Having one small alcoholic drink a day raises the risk of developing an irregular heartbeat, a condition that causes dizziness and palpitations and leaves people more prone to strokes, a study has found.
Researchers examined the heart health and drinking habits of 108,000 people aged 24 to 97 by combining records from Sweden, Norway, Finland, Denmark and Italy that stretched over 14 years.
Their analysis confirmed the long-held belief that a small amount of alcohol protects against heart failure, with 20g of ethanol a day being optimum – but the same was not true for a condition called atrial fibrillation, or heart arrhythmia.
According to their report in the European Heart Journal, people who consumed as little as 12g of ethanol a day – equivalent to a 330ml beer, a 120ml glass of wine, or 40mls of spirits – were 16% more likely than teetotallers to develop atrial fibrillation over the course of the study.
“The take-home message is that in contrast to other cardiovascular diseases, even low and moderate alcohol consumption leads to an increased risk of atrial fibrillation,” said Prof Renate Schnabel, a consultant cardiologist and co-author on the study at the University Heart and Vascular Center in Hamburg-Eppendorf.
“Many people have palpitations and dizziness, but one of the bad things about atrial fibrillation is that it’s asymptomatic and can lead to other problems such as stroke. In many people, a stroke is the first manifestation of the disease,” she added. People with atrial fibrillation are thought to have a 5% to 7% annual risk of stroke.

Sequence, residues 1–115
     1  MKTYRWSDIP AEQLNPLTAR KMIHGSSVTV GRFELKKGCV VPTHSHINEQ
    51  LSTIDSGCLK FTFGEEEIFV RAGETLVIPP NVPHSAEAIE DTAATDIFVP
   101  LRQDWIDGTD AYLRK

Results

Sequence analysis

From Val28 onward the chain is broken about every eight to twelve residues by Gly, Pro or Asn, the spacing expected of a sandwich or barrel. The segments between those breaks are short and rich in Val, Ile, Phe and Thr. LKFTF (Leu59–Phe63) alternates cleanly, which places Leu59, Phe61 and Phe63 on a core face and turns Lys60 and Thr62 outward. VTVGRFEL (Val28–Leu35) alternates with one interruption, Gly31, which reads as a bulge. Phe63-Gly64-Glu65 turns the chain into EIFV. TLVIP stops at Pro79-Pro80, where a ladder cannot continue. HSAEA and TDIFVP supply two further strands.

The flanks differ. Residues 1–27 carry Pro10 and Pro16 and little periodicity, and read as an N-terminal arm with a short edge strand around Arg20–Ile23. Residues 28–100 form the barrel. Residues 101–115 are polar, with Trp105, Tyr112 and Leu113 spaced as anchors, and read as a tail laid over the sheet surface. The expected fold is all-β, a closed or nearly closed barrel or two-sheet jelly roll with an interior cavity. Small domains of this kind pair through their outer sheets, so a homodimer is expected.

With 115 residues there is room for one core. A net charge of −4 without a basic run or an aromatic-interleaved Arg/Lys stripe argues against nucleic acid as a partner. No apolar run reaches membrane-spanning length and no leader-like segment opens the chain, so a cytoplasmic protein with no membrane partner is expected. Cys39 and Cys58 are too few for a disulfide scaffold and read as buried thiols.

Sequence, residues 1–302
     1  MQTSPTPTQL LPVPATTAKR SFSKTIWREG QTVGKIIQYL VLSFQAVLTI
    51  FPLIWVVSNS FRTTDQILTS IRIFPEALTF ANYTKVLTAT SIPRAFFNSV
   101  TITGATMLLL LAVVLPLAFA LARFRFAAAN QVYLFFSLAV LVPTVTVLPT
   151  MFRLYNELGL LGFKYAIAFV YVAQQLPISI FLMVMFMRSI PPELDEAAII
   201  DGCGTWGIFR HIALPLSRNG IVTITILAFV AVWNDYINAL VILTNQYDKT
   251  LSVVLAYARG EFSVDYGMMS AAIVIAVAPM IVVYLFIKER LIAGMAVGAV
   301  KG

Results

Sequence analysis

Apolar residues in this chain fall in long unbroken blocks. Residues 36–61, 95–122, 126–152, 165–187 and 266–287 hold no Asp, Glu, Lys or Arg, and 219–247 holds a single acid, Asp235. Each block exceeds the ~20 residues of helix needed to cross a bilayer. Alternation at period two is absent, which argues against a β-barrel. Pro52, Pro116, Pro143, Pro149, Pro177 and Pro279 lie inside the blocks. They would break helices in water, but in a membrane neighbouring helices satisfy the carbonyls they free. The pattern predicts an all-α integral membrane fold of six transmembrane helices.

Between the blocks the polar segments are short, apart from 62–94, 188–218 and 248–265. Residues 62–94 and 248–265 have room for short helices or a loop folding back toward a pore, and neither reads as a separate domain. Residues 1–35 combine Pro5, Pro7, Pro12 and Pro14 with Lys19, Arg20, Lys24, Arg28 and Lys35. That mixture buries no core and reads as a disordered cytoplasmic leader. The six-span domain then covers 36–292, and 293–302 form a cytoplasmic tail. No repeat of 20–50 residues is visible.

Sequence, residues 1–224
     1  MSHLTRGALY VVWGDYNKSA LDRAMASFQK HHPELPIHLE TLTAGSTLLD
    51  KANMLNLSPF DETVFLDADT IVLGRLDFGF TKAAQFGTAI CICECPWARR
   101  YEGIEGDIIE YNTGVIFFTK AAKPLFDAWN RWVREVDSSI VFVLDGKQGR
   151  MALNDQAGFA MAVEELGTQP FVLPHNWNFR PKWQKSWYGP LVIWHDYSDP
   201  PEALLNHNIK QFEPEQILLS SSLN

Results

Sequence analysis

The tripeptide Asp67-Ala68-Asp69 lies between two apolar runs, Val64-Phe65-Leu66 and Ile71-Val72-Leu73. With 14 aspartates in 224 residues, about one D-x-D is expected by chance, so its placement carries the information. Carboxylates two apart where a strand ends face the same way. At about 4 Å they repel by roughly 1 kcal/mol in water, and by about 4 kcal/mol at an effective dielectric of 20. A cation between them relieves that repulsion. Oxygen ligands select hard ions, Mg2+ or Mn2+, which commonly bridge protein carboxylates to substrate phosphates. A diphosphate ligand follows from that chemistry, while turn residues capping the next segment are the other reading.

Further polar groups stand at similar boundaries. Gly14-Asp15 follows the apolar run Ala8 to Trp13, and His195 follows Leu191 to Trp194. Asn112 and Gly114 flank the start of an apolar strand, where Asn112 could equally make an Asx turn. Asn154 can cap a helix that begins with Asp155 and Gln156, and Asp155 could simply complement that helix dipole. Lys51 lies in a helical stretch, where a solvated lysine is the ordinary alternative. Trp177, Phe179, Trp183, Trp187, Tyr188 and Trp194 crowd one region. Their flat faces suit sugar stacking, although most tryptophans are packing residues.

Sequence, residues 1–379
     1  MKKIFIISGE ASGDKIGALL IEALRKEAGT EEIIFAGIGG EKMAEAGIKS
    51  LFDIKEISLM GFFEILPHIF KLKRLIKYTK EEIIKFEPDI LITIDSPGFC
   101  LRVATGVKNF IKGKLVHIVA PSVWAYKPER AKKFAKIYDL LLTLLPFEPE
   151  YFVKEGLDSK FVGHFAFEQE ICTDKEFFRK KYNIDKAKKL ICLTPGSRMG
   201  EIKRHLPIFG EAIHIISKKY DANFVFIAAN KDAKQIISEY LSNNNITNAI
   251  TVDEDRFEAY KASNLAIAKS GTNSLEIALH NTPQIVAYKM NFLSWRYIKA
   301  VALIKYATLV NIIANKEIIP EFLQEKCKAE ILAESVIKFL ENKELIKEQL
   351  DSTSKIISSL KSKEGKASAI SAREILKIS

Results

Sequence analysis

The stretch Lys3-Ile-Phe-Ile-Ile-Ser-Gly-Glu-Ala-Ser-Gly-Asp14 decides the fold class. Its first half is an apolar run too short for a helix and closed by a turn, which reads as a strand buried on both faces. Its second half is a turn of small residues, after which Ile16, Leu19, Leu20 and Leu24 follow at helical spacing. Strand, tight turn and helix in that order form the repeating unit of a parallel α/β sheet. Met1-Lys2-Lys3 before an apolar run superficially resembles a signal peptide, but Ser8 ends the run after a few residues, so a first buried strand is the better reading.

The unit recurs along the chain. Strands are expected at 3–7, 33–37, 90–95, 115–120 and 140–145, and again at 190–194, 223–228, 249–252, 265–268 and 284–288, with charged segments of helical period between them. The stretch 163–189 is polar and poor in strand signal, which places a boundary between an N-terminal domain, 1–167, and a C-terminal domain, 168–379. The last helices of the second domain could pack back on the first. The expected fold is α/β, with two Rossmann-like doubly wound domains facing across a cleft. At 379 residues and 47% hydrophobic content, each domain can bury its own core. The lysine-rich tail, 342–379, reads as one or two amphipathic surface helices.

The risk of heart failure – when the heart pumps too weakly – follows a J-shaped curve with alcohol intake, meaning that it is lower for people who drink a little than for those who are teetotal or heavy drinkers.
But in the study, the increased risk of atrial fibrillation rose steadily from 16% for those who had one small drink a day, to 28% for up to two drinks, and 47% for more than four drinks.
For those consuming a small glass of alcohol a day, Schnabel said the absolute increase in risk of an irregular heartbeat was small, but people should still be aware of the issue.
“People have to balance the risks and the benefits,” she said. The lifetime risk of developing atrial fibrillation ranges from about 23% to 38% depending on a person’s health – including how much alcohol they drink.
The findings may be most important for those who were more likely to develop heart arrhythmias because of obesity or high blood pressure, or those who had already been diagnosed, since reducing alcohol intake could lower the risk, Schnabel said.
In an accompanying editorial, Jorge Wong and David Conen at the Population Health Research Institute at McMaster University in Canada write: “These data suggest that lowering alcohol consumption may be important for both prevention and management of atrial fibrillation.”
June Davison, a senior cardiac nurse at the British Heart Foundation, said: “It is well known that drinking alcohol can increase the risk of atrial fibrillation. This observational study suggests that regularly drinking even small amounts of alcohol may increase this risk – and that reducing intake even further could help to prevent and manage this condition.
“If you have AF, ask your doctor for advice on whether you can drink alcohol and the amount you can consume. Also, if you are taking medication, always check with your doctor or pharmacist first about how much alcohol you can safely drink.”